The use of the contact lenses past these dates is NOT recommended, as the lenses are not structurally or functionally designed to last any longer. The material often breaks down after this date, causing irritation and poor vision. Furthermore, wearing your lenses for longer than the recommended time may increase your risk of infection as well as reduce your overall clarity and comfort. Make it easier to remember by changing your lenses on the same day each month or fortnight. If you only wear lenses occasionally, it is best to use daily disposable contact lenses.
Do not sleep in your contact lenses
Very few contact lenses are designed to be worn during sleep (and those which are will have been specially prescribed). Wearing contact lenses during sleep is associated with an increased risk of infection.
There is also a risk that the lens may get stuck on the eye after waking. Do not attempt to move the contact if it is stuck. If you wait for about an hour after waking, your normal tear flow will help to lift the lens very slowly from its resting position. It can also help to rinse your eyes with lubricant drops or your contact lens solution, as this will help to lift the lens.
The safest option for waters sports is to wear daily disposable contact lenses and goggles. Water contains germs, which may be absorbed by the contact lens. Wearing your contact lenses after these activities would be the same as wearing your wet swimsuit for the next fortnight or month. In the event you get water splashed in your eyes, make sure to remove your lenses and clean them thoroughly.
Contact lens use when in hospital or unwell
Avoid wearing contact lenses in hospital or while unwell. Hospitals are often sources of infection. When you are sick (even just with a cold or flu) you risk spreading infection to your eye via contact lenses. You may also find it more difficult to manage your contact lenses safely while you are recuperating.
Avoid wearing contact lenses on a plane
The humidity in aircraft cabins is very low. If you wear your contact lenses they will become very dry and uncomfortable and you will arrive at your destination with sore eyes. Please wear your spectacles for flying.
What are the normal adaptation symptoms I can expect when wearing soft disposable contact lenses?
While you are first getting used to your lenses you may notice some or all of the following:
- Variable vision due to increased tear production
- Stinging, itching and abnormal blinking
- Lens edge awareness particularly felt with your eyelids
- Increased glare sensitivity – wear sunglasses
- Initial discomfort with lots of close work/computer work – use more lubricant eye drops
- Dryness in air-conditioning and smoky areas – use more lubricants and try cleaning your lenses mid way through the day
- You may also notice a slight blur to your vision when you wear spectacles straight after removing your contact lenses. This should clear within 30 minutes.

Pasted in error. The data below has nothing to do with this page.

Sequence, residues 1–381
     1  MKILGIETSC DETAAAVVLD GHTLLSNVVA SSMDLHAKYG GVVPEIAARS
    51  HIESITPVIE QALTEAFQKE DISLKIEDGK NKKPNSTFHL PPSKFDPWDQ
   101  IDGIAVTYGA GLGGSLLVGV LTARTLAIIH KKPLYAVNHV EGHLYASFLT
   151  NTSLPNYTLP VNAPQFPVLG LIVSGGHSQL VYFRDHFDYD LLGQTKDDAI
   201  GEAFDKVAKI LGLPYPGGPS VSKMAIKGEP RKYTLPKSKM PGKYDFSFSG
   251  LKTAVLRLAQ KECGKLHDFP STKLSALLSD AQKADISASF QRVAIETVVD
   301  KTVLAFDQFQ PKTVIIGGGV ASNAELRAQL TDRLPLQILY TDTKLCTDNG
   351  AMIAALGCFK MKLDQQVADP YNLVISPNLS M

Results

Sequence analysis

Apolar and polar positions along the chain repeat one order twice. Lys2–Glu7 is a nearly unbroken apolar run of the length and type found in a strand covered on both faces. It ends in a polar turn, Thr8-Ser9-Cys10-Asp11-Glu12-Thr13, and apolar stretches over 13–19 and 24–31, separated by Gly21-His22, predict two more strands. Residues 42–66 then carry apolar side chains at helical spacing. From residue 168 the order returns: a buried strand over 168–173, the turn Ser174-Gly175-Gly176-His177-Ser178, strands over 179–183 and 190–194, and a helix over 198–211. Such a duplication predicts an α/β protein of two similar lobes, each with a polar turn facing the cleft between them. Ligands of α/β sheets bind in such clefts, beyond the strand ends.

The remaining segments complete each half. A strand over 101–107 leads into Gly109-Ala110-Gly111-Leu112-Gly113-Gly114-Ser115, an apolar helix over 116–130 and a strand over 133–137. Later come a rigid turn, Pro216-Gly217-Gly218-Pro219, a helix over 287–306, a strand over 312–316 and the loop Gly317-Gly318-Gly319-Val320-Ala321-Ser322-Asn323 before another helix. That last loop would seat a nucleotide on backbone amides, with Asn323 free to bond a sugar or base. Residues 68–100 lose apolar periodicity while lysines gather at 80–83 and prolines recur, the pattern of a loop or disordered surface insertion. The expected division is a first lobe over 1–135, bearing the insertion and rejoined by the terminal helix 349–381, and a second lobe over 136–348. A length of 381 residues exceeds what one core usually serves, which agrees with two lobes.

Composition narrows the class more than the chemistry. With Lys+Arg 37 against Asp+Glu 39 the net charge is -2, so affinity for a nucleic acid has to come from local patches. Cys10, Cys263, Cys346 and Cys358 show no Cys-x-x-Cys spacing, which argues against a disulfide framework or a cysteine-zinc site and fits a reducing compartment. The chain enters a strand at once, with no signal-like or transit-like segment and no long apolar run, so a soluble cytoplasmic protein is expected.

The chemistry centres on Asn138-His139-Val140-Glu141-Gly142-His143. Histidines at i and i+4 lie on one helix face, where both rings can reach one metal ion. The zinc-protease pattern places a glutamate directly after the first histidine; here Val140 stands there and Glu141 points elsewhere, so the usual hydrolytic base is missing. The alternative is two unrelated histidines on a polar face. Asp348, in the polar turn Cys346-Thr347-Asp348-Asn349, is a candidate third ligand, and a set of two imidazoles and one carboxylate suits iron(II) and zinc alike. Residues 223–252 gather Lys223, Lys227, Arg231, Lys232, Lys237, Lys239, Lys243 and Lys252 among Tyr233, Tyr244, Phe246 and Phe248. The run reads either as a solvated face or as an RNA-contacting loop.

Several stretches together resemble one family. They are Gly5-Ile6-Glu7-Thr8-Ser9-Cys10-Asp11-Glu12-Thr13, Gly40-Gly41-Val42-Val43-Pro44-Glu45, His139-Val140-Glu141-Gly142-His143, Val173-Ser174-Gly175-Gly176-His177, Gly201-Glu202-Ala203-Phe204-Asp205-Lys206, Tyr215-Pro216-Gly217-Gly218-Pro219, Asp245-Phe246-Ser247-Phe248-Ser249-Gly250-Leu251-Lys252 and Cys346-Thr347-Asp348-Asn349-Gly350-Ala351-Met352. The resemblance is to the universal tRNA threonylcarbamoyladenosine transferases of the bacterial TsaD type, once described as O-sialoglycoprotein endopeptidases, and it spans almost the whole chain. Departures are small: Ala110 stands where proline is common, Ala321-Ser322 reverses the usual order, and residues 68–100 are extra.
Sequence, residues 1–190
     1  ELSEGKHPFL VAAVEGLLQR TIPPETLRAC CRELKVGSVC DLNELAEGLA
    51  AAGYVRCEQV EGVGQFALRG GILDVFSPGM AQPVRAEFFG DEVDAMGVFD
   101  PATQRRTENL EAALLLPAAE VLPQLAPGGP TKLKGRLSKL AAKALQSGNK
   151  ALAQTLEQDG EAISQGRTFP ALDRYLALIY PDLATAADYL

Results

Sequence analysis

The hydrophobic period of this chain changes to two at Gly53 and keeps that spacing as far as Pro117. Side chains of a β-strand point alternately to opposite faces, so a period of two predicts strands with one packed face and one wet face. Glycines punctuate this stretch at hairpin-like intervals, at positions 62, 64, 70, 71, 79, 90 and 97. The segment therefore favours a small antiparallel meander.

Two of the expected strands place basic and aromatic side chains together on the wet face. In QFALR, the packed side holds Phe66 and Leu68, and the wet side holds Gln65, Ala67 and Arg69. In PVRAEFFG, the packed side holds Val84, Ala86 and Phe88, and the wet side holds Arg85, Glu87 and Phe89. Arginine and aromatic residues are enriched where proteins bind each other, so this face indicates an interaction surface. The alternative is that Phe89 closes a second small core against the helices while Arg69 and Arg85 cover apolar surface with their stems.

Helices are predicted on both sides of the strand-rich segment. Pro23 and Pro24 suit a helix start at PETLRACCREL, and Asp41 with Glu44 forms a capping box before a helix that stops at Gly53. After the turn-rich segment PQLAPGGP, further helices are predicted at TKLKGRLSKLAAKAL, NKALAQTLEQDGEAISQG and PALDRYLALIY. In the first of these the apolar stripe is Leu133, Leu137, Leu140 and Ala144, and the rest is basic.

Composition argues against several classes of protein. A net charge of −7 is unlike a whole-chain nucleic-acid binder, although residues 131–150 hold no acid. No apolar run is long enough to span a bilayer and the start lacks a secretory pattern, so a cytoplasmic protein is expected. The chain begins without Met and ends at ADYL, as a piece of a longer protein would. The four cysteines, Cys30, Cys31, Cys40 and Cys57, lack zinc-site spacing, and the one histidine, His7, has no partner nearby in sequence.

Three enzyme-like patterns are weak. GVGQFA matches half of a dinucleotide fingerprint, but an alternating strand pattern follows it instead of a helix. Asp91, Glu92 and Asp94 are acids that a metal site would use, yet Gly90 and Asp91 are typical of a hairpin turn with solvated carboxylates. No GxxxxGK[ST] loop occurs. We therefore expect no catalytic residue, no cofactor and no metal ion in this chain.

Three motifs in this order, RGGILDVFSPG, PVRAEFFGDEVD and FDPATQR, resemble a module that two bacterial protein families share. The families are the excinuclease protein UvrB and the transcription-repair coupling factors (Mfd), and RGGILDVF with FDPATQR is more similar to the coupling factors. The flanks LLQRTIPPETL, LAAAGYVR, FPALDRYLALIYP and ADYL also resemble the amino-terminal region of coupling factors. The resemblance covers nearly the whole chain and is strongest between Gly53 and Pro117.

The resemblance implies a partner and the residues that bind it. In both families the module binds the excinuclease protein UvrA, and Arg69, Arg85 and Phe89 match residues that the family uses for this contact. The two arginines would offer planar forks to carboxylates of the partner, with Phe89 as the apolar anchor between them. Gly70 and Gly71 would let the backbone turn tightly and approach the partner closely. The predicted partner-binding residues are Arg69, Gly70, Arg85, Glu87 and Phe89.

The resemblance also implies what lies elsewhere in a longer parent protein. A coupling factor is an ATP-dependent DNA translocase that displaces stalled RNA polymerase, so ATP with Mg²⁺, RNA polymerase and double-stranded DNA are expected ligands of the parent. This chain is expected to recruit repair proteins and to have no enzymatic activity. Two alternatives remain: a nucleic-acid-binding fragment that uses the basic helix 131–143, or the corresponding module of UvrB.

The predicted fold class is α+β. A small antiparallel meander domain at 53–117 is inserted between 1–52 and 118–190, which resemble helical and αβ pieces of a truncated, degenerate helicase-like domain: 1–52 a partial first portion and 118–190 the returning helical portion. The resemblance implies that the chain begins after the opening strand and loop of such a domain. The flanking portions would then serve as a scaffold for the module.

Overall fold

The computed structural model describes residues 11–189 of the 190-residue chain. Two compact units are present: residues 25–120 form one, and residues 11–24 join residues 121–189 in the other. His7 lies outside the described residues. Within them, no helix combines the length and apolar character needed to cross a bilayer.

What is abnormal?
Persistent redness, discomfort, pain, blurred vision or if bright lights hurt your eyes. If these occur, stop all lens wear and make an appointment to see us. “If in doubt take your lenses out.”
Can I swim in my contact lenses?
If you want to swim in your lenses then you must make sure to use goggles and then disinfect the lens thoroughly afterwards. It is not recommended to swim in fresh or salt water, due to the risk of infection from Acanthamoeba, which can cause severe loss of vision.
All soft contact lenses absorb water within the lens. When you swim in fresh or salt water, or use tap water with your contact lenses it is able to get into the contact lens and replace the sterile water that is there. This means that Acanthamoeba could be living in your contact lens multiplying ready to cause an eye infection.
One of my contact lenses is suddenly uncomfortable, what should I do?
The first thing to do is to take the lens out. Does that fix the problem? If so, it is probably due to the lens rather than your eye itself. Now clean the lens thoroughly and put it back in. If that fixes the problem then there might have been something on the lens. If not then remove the lens again.
Now you need to carefully examine the edge of the lens in bright light. You might notice a small tear or nick out of the edge of the lens. The lens would need to be replaced so please contact us.
In the above scenario, if you remove the lens but your eye is still hurting. it is likely that there is something wrong with your eye. That means it would be best to come and see us straight away to have it checked.
Can the lens get lost behind my eye?
People often worry about losing a contact lens behind their eye. This is impossible. The conjunctiva (the covering of the eye) folds back to cover the eyelids and prevents foreign material entering the eye. However, there are a number of explanations for a “lost” lens:
- The lens is caught under the upper lid – look downwards and towards your nose and massage your upper lid to dislodge the contact lens.
- The lens is actually still in place – you can check for this by covering your other eye; if your vision is still good, the lens is still in place.
- You have removed the lens, but it has fallen on the floor or on your clothing – repeated attempts to remove the lens will just cause irritation to your eye.
Book an eye test with us.
Thinking about transitioning from glasses to contact lenses? Or just want to find out if contact lenses are right for you? Book an appointment with us today!